Tackling Beethoven's hopeless case
Maya Plisetskaya during a performance in her honour on stage at the Kremlin palace in 2005. In the 1960s she set her heart on dancing the role of Carmen, and her husband, Rodion Shchedrin, adapted Bizet's work to make this possible. photograph: yuri kadobnov/afp/ getty images
Pianist Finghin Collins, who performed Beethoven at the weekend. photograph: yuri kadobnov/afp/ getty images
Publishing deals have been a part of the music industry for centuries: just ask Beethoven
Composers are like everyone else. They can be as venal, mercenary, greedy or cheating as the next person. Let’s begin with Muzio Clementi. No, not because of the way he exploited Irish wunderkind John Field to demonstrate the pianos that he sold, but because of his dealings as a music publisher with Beethoven.
Clementi visited Vienna in 1807, and a letter he wrote back to his business partner in London on April 22nd gives a flavour of his approach. “By a little management and without committing myself, I have at last made a compleat conquest of that haughty beauty, Beethoven, who first began at public places to grin and coquet with me, which of course I took care not to discourage; then slid into familiar chat, till meeting him by chance one day in the street – ‘Where do you lodge?’ says he; ‘I have not seen you this long while’ – upon which I gave him my address. Two days after I found on my table his card brought by himself, from the maid’s description of his lovely form. This will do, thought I. Three days after that he calls again, and finds me at home. Conceive then the mutual ecstasy of such a meeting! I took pretty good care to improve it to our house’s advantage.”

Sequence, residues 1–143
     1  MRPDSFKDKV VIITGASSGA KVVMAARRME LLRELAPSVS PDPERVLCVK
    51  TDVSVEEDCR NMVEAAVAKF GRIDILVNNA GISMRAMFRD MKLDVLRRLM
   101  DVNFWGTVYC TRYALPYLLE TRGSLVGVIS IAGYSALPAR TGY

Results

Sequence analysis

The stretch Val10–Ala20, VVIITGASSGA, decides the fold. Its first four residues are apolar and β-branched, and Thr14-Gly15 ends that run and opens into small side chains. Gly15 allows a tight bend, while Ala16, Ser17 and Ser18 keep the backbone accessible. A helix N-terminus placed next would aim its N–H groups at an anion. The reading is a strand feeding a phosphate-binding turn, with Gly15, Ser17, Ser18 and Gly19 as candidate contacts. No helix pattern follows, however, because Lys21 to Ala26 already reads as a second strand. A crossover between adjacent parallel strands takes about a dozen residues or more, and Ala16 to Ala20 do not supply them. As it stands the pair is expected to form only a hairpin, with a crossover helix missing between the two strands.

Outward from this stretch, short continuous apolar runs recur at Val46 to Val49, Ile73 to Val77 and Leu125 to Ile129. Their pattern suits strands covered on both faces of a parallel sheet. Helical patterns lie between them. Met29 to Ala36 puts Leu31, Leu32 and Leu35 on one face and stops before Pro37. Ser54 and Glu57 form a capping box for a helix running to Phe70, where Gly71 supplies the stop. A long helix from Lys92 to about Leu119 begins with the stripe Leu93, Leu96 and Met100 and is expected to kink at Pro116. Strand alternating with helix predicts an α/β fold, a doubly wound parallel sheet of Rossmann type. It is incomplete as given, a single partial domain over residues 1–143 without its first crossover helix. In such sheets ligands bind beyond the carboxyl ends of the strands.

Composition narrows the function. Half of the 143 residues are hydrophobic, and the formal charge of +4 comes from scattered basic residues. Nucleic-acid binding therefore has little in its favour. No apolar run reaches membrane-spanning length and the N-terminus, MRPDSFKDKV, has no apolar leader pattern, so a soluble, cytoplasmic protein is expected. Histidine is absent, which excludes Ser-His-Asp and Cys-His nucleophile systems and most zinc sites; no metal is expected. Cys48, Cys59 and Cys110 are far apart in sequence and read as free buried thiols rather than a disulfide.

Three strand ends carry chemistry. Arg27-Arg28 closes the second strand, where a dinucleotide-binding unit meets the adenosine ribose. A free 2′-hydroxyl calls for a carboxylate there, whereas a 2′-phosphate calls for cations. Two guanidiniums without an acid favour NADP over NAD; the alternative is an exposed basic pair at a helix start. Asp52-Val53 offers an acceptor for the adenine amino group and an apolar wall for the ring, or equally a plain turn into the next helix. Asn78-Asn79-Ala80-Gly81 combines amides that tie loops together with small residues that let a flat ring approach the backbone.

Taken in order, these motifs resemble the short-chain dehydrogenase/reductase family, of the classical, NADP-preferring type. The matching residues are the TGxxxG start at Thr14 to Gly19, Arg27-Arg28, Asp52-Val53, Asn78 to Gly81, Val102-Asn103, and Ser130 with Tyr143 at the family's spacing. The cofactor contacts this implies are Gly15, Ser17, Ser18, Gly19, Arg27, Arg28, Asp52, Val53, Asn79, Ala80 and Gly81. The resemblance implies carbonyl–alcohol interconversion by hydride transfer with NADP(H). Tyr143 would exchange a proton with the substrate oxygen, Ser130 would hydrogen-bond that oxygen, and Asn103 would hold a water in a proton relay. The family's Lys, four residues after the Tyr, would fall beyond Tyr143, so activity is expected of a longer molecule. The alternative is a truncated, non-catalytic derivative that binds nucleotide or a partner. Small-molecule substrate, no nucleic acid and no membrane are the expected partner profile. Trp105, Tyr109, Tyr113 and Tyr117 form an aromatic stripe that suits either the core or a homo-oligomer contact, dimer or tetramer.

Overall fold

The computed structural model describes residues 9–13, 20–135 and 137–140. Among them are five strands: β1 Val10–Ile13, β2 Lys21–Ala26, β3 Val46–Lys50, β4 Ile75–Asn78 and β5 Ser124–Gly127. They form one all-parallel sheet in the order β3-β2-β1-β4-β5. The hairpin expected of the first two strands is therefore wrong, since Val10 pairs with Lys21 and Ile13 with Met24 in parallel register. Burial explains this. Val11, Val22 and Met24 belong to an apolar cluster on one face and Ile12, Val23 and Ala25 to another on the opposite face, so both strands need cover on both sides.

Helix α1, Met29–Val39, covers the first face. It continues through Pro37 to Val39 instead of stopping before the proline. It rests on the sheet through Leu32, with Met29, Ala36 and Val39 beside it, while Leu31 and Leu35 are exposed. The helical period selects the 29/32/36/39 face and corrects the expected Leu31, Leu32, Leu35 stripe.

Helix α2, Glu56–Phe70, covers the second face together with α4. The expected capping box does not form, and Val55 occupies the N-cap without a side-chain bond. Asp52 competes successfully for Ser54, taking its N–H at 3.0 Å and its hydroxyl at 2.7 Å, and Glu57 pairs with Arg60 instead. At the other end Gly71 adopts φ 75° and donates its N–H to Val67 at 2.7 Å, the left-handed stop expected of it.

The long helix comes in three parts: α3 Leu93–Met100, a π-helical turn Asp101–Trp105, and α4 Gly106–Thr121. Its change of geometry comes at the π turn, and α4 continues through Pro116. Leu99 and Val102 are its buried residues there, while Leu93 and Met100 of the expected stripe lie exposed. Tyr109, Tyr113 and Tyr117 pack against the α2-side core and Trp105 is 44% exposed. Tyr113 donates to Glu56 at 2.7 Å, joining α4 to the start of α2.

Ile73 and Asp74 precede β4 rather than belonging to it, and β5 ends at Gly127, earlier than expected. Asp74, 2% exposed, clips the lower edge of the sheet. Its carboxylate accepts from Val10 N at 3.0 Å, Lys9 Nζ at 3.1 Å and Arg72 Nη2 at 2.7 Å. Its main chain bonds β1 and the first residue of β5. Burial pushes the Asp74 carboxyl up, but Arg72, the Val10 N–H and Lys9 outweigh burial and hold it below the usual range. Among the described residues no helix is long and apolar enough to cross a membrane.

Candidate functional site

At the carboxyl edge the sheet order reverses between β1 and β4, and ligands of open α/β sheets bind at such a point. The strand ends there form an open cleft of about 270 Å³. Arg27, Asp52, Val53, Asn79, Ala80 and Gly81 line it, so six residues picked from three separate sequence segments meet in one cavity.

In fairness, his deal with Beethoven was anything but mean. The great man was to receive the substantial amount of £200 for three quartets (the Rasumovsky Quartets), a symphony (the Fourth), an overture (Coriolan), a piano concerto (the Fourth), and his only violin concerto, and was also to produce a new version of that work as a piano concerto avec des notes additionelles, as the contract drawn up in French put it. Clementi was buying the rights for “British Dominions” only. Beethoven could sell the rights separately in France and Germany, and expressed the hope that the sales would enable him “to achieve the dignity of a true artist while still young”.
The style of the solo writing in the violin concerto was never going to be easily adapted for the piano. A lot of it is spare and high-lying, the material as basic as you could imagine, but, in the hands of Beethoven, it produces music that is astonishingly profound. The piano in its higher register has no way of easily emulating the sustaining power of the violin.
Yet, in spite of what he clearly regarded as the generous deal with Clementi, Beethoven seems to have taken the minimum of trouble in attempting to preserve the character of the original in rewriting the solo violin part for piano. It’s been speculated that he didn’t even bother to do it himself, and may have farmed it out as a piece of hackwork.